Oil fell more than $1 to stand near $88 a barrel on Tuesday, awaiting a clear signal from OPEC as a chorus of opinion within the exporting group spoke against an output increase.

U.S. crude was down $1.17 a barrel at $88.14 by 10:12 a.m. EST in volatile trading. It had hit a five-week low of $87.14 in the previous session.

London Brent crude, which settled on Monday at a premium to U.S. crude for the first time since August 23, fell 40 cents to $89.40.

U.S. weekly petroleum inventory figures, to be released by the Energy Information Administration (EIA) on Wednesday, were also expected to shape prices.

The market is idling at the moment waiting for a clear signal from OPEC and of course looking ahead to tomorrow's EIA data, said Simon Wardell, oil analyst with Global Insight in London.

OPEC's big Gulf producers have left open the option of a supply increase at Wednesday's meeting in Abu Dhabi, while insisting that supplies are sufficient to meet winter fuel demand and that high oil prices are driven by factors outside OPEC's control.

OPEC's decision could influence whether crude prices head back towards $100 a barrel or not.

Ministers and officials from Qatar, Venezuela, Iran and Libya have spoken against the need to pump more oil, while OPEC's core Gulf producers, led by Saudi Arabia, have avoided comment on whether the group might still opt for an output increase to rein in prices.

All options are open, Ali al-Naimi, the oil minister for OPEC's biggest producer Saudi Arabia and one of OPEC's most influential oil ministers told reporters on Tuesday.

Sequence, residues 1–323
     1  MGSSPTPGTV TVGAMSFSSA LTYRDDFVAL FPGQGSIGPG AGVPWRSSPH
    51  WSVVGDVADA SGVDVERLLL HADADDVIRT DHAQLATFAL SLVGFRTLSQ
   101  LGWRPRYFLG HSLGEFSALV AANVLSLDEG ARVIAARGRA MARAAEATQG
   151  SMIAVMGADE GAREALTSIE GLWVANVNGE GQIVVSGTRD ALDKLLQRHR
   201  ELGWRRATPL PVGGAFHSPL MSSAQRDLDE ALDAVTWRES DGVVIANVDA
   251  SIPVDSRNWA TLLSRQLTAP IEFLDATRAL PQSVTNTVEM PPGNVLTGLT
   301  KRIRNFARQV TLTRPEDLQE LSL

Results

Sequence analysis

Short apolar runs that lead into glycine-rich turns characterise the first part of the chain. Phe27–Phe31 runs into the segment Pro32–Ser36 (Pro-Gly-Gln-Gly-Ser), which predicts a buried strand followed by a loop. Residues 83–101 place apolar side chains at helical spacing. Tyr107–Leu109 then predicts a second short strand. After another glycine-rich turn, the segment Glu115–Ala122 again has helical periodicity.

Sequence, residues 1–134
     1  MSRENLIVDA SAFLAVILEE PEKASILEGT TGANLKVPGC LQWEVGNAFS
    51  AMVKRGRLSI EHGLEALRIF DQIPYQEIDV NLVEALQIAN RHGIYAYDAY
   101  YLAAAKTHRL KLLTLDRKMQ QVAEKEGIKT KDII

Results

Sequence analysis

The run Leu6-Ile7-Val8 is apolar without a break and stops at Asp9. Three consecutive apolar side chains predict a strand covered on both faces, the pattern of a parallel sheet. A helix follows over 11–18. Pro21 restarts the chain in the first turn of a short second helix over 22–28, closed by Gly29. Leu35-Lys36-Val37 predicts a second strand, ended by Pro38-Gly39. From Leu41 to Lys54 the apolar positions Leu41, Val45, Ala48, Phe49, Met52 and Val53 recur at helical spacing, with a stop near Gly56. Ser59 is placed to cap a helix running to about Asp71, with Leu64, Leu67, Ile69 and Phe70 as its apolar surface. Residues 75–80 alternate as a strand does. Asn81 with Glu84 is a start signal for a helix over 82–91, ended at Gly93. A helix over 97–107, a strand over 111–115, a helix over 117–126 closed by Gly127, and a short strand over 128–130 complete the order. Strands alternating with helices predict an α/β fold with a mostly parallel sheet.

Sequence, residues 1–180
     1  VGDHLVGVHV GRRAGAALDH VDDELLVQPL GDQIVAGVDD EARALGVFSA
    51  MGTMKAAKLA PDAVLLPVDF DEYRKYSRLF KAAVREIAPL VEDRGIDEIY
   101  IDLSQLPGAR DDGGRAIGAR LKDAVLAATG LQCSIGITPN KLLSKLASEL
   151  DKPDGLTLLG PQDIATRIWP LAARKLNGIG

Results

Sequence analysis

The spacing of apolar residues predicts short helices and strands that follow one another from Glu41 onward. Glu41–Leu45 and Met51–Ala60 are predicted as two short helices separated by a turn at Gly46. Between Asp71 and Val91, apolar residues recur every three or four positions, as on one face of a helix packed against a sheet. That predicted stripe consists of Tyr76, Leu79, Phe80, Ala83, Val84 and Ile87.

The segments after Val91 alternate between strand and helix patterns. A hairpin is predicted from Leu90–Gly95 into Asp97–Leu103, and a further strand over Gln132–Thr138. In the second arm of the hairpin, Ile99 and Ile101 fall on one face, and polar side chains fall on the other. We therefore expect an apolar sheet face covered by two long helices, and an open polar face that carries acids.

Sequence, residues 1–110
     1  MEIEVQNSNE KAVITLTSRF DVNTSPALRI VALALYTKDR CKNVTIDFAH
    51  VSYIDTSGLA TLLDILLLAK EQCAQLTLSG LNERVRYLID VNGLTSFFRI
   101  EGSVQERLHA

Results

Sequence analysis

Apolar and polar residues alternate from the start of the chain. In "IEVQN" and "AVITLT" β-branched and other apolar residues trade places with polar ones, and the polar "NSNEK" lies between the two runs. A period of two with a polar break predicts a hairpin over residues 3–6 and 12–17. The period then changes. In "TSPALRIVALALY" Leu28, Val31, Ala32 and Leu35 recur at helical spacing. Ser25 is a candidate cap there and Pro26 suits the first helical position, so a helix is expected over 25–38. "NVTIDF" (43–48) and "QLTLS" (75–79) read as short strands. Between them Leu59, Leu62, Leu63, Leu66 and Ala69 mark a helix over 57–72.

Edward Meir, at MF Global, said: The decision will come down to the wire, and much will ride on where prices are on Wednesday and how strongly the Saudis will push for an increase.


Oil is down around 10 percent from its November 21 peak of $99.29 a barrel as worries that the weakening U.S. economy could cut into world energy demand have halted crude's rally.

Analysts said a U.S. intelligence report on Monday which stated Iran had put its nuclear weapons program on hold could ease some of the geopolitical risks in the market.

The fear of a unilateral strike on Iran has been an important component of the risk premium in crude oil and the... report should be seen as a significant flag for the reduction of the premium, said Olivier Jakob of Petromatrix.

The slump in prices and the dimming demand outlook has also made OPEC more reluctant to raise output.

Consuming nations have called on OPEC to put more oil on the market, to stem the decline in inventories ahead of the northern hemisphere winter and to temper prices.

U.S. Energy Secretary Sam Bodman called on OPEC to pump more oil despite the recent fall in prices to build global inventories, noting that prices were still very high.

Meanwhile, another poll of analysts by Reuters ahead of Wednesday's U.S. inventory data showed crude stockpiles probably fell 800,000 barrels in the week to November 30. Distillate stocks were seen down 300,000 barrels.

(Reporting by Santosh Menon, additional reporting by Luke Pachymuthu in Singapore, editing by James Jukwey)